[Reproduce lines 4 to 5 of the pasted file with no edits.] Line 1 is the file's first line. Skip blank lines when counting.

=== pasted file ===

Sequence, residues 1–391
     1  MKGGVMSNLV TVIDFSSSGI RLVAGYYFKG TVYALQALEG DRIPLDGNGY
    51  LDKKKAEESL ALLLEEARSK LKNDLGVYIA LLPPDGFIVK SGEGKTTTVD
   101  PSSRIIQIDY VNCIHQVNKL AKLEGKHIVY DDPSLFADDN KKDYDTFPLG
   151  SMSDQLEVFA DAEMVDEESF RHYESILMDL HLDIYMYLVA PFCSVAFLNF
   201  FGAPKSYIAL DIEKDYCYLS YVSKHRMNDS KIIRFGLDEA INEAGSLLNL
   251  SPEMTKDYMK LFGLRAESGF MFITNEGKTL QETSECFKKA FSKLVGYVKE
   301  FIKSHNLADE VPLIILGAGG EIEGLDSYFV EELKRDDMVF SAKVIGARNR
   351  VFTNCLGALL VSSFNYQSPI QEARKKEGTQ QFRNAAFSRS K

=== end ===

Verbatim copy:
   101  PSSRIIQIDY VNCIHQVNKL AKLEGKHIVY DDPSLFADDN KKDYDTFPLG
   151  SMSDQLEVFA DAEMVDEESF RHYESILMDL HLDIYMYLVA PFCSVAFLNF